Well, it locks Australia into another, however many years – 40, 50, 60, who knows how many years of relying on older ties like the United States and Britain? I would have thought that many young people who are more questioning of our history and enthusiasm for going to war in other countries would be querying this and saying, look, this is a new era.

Isn’t the time we learned conflict resolution, how we learn to negotiate away differences? War has never solved anything. We know this just from our recent experience of a 20-year war with Afghanistan. And look at what is happening to the people in Afghanistan now. So, there’s an irony too that just after we hear the circumstances of the people of Afghanistan – and I’ve seen those images of so many trying to flee the country. Here we go again, challenging finding another enemy.

What is wrong with us? We seem to need an enemy. There are enough enemies for society to deal with. I mean, COVID is the immediate one. Racism is another one. Climate change is another one. We don’t need to find a country to be at war with.

You speak wisely, Margaret Reynolds, the Tasmanian-based President of the Women’s International League of Peace and Freedom [Australia]. Do you think that decision was made or that pact was formed, so clandestine because they didn’t want the attention of protesters or young Australians questioning why this was happening?

Look, I think it was a strategic decision to deflect the Morrison government from many of the issues it hasn’t been dealing with. Climate change for example, the Glasgow conference in the next few weeks that should be demanding the government’s attention. Is Australia going to remain isolated from so many countries because of its policies of not being prepared to take on emissions? So, I think its part distraction. It’s partly just an old way of thinking. Surely we’ve had enough experience. Certainly, my generation has had enough experience of living through a war. Yes, not on home soil. And there’s another angle we should consider in terms of Indigenous ownership of the land. But we’ve seen so many wars. We’ve got people in our community right now suffering from the trauma of their service in Afghanistan and Iraq. And it really is an old way of dealing with international relations. And it’s time we had a government that was prepared to look at examples like New Zealand, like a number of European countries that say, look, we have to find other ways of resolving conflict.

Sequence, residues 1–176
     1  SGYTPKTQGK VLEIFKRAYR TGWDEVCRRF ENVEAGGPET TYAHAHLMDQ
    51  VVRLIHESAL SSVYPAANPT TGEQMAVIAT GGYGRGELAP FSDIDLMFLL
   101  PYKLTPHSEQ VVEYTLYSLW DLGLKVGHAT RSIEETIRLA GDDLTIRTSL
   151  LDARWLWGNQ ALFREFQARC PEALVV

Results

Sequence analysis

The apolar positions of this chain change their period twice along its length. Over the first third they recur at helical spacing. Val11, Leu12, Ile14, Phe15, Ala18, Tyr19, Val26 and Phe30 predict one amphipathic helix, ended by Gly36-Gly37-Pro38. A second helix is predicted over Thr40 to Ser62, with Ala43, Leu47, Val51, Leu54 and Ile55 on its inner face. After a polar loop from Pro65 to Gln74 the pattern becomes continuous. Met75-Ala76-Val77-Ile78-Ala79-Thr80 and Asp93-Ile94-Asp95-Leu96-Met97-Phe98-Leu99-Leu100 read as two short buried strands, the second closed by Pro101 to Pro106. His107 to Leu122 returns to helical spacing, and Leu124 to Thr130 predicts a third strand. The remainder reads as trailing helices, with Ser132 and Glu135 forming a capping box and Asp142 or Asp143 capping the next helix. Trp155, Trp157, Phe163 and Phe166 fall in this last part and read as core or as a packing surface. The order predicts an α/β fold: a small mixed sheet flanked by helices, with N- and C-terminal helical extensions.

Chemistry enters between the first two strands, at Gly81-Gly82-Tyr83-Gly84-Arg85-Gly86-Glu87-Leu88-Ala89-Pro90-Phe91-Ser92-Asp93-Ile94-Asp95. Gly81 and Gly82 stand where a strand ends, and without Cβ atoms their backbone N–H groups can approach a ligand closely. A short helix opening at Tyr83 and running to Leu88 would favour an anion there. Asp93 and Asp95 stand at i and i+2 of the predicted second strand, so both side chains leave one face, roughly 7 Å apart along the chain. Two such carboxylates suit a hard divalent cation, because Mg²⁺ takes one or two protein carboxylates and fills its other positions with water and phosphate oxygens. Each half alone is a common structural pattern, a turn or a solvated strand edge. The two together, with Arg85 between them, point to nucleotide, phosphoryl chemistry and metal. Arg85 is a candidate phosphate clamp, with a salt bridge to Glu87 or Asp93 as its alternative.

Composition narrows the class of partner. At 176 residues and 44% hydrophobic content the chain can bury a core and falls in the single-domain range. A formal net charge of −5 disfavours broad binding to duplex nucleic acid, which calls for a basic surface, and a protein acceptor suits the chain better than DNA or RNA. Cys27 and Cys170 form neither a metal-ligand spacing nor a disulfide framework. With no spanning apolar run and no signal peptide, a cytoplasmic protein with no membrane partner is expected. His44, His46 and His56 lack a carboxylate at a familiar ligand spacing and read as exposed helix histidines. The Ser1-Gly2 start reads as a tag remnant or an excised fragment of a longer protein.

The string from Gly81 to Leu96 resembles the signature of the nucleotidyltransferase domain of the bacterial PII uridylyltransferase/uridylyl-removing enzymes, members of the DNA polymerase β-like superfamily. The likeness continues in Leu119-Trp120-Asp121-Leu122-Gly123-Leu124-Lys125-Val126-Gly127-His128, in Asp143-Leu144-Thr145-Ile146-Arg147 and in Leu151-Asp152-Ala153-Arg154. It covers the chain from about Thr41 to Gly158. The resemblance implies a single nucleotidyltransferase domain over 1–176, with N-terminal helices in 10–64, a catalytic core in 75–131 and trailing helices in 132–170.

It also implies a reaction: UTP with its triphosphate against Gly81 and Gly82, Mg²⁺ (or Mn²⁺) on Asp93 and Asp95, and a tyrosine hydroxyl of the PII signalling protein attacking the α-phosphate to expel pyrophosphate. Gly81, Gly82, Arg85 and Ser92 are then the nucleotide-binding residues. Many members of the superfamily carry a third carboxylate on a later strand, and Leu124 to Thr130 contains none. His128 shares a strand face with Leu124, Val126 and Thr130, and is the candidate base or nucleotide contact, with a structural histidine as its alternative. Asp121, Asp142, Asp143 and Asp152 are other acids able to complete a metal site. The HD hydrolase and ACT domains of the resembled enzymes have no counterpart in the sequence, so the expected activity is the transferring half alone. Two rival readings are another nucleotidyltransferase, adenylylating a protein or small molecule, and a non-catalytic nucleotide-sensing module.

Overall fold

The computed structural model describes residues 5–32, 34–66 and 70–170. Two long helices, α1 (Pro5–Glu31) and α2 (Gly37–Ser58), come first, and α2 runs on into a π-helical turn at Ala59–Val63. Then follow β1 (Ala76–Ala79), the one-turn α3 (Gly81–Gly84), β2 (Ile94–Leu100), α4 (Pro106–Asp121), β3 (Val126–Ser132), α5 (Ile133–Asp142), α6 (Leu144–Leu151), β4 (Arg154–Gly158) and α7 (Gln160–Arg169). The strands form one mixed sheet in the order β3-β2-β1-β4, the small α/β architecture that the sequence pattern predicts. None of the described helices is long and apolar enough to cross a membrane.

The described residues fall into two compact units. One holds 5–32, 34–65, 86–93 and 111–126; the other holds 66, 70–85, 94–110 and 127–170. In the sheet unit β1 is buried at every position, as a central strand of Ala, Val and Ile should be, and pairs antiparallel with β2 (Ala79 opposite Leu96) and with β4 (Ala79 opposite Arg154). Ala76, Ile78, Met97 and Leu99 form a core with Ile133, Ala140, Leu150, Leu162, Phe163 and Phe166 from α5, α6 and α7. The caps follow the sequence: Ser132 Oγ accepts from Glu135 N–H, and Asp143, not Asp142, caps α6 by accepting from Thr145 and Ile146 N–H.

Final question, would you have preferred the deal with French shipbuilder Naval Group to build the advanced conventionally powered attack submarines over this one?


So, you’re not happy either way.

I’m hard to please aren’t I.

Not at all.

I accept that there were problems with that deal, and I oppose the huge amount of Australian dollars going into militarisation because Peter Dutton and others say, oh, we’ve got to defend ourselves. Well, we only have to defend ourselves if we have an enemy that we consistently berate, as we do currently with China. We’ve got to learn and let live and exercise national interests in other ways. Other countries have done it. It’s time Australia learned to do it.

Margaret Reynolds thank you so much for finding time to be on ABC Northern Tasmania Drive this afternoon.

Thanks very much, Kim

It’s a pleasure.